The Eye of the Sahara, also known as the Richat Structure, Guelb er Richat, and Eye of Africa, is a structure in the Sahara Desert that has an appearance similar to an eye.
The feature is circular with multiple concentric rings, a truly unusual appearance.
Why Is It Famous?
The unusual appearance of the Eye of the Sahara gives it its fame. Geologists know a reasonable amount of information about the structure, but there have still been questions within the past few years.
As the name implies, the Eye of the Sahara is in the Sahara Desert. It is in the Adrar Plateau, which is close to Ouadane, a city in west-central Mauritania.
This structure is a dome that is slightly elliptical and deeply eroded. At its largest, the diameter is 40 kilometers. The dome exposes a series of sedimentary rock, ranging from Ordovician sandstone by the edges to Late Proterozoic rock in the center.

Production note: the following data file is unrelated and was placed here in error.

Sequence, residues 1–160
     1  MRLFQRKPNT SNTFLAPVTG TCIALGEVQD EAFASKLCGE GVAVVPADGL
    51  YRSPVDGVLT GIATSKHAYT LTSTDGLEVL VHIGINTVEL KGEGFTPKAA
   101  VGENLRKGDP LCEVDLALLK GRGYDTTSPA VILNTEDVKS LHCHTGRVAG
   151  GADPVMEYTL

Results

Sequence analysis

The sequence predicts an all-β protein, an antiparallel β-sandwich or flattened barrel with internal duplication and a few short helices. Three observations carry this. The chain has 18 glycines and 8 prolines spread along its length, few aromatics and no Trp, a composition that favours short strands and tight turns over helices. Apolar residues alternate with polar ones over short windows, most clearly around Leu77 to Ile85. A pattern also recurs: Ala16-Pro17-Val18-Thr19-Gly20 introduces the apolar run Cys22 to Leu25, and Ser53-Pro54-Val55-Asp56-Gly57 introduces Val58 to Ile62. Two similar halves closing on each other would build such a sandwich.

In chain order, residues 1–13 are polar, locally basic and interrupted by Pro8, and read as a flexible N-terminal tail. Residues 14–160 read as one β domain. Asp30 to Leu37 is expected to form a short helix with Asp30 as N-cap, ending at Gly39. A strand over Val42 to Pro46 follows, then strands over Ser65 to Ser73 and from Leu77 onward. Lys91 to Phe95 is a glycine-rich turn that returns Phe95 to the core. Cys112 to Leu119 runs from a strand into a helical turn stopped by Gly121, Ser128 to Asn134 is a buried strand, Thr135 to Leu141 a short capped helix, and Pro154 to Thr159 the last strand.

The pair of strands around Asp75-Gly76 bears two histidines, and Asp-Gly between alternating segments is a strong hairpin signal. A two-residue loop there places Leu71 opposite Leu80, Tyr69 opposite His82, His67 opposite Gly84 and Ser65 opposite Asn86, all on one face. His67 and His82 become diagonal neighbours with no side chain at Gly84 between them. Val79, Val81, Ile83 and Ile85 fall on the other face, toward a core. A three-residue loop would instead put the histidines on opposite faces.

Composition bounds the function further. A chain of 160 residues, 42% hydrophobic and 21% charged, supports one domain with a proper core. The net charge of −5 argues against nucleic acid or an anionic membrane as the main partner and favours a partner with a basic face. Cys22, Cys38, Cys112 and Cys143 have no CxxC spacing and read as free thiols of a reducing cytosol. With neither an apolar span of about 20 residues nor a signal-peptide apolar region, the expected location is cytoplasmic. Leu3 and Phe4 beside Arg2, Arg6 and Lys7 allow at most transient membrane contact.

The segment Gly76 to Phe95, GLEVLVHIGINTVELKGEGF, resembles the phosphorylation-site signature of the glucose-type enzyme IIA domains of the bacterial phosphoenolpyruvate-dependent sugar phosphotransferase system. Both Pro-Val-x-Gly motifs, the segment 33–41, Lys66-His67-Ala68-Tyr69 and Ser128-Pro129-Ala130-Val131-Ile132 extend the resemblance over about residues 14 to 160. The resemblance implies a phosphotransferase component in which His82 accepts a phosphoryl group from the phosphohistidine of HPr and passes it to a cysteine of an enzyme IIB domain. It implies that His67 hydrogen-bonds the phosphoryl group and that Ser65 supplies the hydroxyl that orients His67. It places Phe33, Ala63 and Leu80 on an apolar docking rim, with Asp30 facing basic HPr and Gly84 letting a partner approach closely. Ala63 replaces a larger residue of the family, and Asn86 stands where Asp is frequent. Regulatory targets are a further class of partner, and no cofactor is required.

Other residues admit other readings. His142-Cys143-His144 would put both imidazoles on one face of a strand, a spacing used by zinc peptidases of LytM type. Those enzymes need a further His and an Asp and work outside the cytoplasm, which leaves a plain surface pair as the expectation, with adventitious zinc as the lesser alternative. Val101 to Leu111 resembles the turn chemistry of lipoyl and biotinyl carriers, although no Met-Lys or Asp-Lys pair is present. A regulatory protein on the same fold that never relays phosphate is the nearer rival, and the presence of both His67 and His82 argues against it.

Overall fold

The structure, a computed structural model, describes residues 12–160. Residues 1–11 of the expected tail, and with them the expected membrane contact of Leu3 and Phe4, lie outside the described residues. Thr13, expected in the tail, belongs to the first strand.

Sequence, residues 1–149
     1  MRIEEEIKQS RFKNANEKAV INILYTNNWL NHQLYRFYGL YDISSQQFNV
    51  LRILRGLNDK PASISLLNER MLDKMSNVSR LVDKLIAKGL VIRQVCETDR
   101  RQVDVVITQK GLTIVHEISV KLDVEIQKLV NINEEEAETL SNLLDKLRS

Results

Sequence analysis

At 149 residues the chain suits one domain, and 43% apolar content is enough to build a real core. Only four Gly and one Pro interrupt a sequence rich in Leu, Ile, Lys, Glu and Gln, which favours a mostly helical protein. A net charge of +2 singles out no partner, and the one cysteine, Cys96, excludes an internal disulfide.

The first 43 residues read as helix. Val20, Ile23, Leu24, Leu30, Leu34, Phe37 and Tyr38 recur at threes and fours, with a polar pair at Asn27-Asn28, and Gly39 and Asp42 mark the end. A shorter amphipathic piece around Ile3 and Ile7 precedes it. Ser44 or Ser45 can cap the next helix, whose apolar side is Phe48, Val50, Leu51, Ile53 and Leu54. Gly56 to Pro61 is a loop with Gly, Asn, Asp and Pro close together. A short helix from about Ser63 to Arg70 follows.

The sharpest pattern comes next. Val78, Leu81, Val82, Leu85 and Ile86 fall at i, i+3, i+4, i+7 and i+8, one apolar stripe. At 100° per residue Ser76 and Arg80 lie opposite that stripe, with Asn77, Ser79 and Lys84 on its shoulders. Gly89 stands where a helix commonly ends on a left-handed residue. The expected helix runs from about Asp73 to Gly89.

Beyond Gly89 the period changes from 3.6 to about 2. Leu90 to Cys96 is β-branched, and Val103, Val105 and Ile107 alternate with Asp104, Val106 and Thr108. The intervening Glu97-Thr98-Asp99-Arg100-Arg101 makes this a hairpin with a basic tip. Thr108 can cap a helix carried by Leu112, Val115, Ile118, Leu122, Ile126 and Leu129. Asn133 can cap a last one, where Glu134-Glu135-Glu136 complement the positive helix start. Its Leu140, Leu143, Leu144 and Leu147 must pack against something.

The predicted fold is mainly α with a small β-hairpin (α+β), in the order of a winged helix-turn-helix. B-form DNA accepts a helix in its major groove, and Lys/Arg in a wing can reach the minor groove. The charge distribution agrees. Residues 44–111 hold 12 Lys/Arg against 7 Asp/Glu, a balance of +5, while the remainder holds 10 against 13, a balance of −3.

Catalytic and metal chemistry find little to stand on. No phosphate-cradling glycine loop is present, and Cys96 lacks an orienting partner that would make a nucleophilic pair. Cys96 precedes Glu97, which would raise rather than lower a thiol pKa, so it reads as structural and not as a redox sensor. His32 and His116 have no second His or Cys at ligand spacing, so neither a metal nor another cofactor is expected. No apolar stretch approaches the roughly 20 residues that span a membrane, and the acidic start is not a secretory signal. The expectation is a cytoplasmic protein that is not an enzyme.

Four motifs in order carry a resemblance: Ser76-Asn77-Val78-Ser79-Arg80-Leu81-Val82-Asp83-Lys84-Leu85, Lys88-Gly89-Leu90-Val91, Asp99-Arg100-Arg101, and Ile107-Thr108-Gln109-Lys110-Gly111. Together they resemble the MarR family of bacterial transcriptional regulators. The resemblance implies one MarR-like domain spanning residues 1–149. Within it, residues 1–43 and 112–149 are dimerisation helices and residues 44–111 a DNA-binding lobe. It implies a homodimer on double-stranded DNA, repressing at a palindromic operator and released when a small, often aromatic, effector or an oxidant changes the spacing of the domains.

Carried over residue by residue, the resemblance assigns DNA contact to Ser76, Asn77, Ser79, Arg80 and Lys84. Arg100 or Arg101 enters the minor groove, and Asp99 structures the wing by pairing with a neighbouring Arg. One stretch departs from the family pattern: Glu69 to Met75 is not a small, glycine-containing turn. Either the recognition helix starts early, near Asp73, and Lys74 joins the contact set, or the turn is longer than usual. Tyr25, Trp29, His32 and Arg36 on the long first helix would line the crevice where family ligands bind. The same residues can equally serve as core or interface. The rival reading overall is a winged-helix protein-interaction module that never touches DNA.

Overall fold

The sedimentary rocks in the structure go outwards at an angle between 10 and 20 degrees. Thanks to differential erosion of the quartzite’s resistant layers, there are circular cuestas in high relief. The center of the structure is a siliceous breccia over a 30-kilometer (or larger) area.
The Eye of the Sahara is of great interest to geologists due to the range of extrusive and intrusive igneous rocks in the center. These include kimberlites, carbonatites, gabbros, and rhyolitic volcanic rocks.
Those rhyolitic rocks include tuffaceous rocks that experienced hydrothermal alteration as well as lava flows. The Richat Structure also features amazing hydrothermal features, such as hydrothermal alteration of gabbros and rhyolites.
Events in Time
The first description of the Eye of Sahara was during the 1940s, with the name of the Richat Crater. The efforts to date the structure took place during the 1990s, with further efforts more recently.
The unique eye-like appearance, size, and range of rocks within the Eye of the Sahara make it a favorite landmark of geologists and tourists alike.